Not far from Oxford, I noticed “Screamersville Road,” and I made a mental note to find out if there was, in fact, a town named “Screamersville” somewhere in Maryland. Sure enough… Enter Jeremiah Banning, who was a sailor for much of his life and became Oxford’s Customs Collector in the late 1700s. By this time, Banning owned 35 slaves, most of whom he had personally brought back from Africa. When he became a devout Methodist, however, he came to the realization that slavery was “wrong, inhumane, and against God’s command.” He immediately freed a number of his slaves and made provision for the others to be trained in various occupations, with their freedom granted by a specified age or at the end of their apprenticeship. Banning’s freed slaves established a small town called Screamersville, centered on a chapel they built and named after John Wesley—the founder of the Methodist movement. On my next venture into this area, I will try to find what’s left of the community.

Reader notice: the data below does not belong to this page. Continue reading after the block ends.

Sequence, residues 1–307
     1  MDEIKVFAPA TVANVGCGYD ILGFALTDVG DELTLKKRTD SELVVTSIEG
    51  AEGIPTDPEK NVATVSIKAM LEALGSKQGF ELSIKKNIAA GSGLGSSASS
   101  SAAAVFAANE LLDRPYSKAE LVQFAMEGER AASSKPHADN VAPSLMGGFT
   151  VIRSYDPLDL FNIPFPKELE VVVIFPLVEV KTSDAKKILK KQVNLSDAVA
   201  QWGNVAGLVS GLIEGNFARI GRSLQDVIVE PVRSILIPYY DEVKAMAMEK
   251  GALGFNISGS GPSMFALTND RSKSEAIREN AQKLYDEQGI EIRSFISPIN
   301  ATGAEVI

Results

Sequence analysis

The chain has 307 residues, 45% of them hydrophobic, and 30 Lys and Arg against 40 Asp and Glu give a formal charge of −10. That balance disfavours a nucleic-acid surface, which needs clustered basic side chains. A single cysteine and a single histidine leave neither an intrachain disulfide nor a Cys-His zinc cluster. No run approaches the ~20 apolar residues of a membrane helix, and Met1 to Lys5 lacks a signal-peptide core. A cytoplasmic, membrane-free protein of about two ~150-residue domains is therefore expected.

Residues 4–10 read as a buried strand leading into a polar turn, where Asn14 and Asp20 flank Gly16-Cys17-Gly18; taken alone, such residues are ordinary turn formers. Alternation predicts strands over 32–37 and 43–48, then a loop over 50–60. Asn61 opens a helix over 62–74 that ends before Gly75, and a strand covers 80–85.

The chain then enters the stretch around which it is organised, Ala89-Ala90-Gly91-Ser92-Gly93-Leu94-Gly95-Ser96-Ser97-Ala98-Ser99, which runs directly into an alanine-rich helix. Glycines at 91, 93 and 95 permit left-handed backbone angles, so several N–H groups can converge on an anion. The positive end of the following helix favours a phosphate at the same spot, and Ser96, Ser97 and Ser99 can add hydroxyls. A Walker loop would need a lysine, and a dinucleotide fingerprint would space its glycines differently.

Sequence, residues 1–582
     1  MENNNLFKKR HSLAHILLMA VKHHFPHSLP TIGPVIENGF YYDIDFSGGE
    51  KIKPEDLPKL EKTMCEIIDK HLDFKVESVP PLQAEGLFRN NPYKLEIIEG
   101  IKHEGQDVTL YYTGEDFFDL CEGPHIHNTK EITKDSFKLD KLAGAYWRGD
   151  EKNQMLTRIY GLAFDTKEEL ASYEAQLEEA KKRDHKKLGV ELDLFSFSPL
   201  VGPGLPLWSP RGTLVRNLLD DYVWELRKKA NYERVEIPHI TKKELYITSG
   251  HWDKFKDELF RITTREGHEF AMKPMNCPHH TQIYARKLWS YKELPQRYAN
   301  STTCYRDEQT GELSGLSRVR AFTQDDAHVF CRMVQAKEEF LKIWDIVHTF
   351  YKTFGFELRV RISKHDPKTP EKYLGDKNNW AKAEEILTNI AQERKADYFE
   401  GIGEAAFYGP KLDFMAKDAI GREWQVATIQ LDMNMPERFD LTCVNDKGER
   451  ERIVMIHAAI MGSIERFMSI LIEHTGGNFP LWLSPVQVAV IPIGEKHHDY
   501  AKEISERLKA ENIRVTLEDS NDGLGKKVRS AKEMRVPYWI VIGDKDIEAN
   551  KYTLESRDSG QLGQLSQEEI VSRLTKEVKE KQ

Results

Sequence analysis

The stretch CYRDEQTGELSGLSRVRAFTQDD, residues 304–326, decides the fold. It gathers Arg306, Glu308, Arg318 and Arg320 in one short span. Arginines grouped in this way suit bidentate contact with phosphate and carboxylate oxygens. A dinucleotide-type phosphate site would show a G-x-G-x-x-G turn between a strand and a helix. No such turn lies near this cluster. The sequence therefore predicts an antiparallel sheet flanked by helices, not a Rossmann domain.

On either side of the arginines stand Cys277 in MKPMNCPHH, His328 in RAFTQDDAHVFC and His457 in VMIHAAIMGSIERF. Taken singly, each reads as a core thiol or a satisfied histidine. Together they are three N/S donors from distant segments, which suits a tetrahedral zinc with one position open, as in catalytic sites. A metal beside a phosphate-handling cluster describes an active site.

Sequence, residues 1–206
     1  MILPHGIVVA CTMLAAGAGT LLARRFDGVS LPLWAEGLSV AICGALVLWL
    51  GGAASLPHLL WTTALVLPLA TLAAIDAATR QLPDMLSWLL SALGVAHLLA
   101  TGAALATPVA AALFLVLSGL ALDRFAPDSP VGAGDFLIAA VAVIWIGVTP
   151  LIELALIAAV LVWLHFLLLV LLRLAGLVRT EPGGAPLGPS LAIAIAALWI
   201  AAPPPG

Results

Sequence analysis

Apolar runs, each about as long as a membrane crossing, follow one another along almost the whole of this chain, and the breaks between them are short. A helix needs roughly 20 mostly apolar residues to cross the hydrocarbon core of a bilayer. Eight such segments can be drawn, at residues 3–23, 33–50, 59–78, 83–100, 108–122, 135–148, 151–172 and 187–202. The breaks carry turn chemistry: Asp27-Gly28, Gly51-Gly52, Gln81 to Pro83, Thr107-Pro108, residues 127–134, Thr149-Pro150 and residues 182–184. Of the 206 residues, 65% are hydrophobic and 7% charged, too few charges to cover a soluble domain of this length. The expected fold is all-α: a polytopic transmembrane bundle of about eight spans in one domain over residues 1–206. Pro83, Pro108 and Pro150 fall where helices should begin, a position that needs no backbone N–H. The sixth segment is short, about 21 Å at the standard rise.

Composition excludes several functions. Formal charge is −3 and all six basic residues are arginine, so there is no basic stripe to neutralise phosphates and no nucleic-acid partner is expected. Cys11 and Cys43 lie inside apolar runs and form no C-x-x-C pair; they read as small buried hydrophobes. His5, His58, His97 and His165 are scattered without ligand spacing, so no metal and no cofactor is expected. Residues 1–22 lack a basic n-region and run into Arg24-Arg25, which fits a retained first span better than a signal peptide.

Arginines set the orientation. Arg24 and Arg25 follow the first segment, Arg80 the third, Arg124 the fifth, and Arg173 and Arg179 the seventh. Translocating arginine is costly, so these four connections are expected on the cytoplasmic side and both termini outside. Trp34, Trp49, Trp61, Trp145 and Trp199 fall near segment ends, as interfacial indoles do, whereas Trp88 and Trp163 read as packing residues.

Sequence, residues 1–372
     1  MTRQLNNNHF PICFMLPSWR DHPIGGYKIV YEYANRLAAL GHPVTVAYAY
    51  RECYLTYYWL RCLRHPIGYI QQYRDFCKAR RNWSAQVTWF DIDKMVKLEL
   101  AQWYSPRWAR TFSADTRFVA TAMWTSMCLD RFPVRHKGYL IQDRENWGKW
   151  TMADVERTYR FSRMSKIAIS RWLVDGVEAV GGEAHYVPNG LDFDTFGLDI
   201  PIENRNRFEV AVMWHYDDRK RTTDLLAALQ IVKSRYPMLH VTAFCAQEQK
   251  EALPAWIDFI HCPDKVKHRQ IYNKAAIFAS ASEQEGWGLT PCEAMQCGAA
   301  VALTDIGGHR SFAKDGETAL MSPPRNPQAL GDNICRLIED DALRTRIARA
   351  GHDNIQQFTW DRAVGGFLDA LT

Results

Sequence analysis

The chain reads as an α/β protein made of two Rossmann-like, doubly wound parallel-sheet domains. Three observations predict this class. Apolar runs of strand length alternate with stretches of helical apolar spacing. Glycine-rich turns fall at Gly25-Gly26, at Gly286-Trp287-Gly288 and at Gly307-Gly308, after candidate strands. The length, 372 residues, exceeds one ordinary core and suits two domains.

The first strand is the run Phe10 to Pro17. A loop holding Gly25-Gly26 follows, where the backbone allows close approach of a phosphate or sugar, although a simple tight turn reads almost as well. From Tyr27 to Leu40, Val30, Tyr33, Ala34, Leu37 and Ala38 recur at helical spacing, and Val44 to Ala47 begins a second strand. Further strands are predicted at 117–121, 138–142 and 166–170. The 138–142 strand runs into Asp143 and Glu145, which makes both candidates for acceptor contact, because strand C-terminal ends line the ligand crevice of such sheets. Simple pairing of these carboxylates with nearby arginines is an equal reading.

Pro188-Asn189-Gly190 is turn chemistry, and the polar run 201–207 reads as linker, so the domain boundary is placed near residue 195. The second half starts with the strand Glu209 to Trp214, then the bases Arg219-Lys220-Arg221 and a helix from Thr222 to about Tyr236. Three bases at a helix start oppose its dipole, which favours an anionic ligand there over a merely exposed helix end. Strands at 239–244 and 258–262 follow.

Continuing on down the Delmarva Peninsula, I ran across this reminder of my misspent youth. In fairness, I never owned (or decorated) a VW bus, but I did drive one owned by a friend who gave me my first paying job when I was 15. (This same friend later helped me get my first professional job and even later yet became my crew chief throughout my SCCA racing days during 1985-1993. So here’s to you, Phil Sibert!)

My route for this 2-day trip came from Great Roads, Great Drives, by Jennings Glen and Dan Bard. I added a few modifications of course, one of which was to find this modest house in Cambridge, MD that looks out over the Choptank River. Why bother? Because this home was built in 1913 by one Annie Oakley and her husband for their retirement.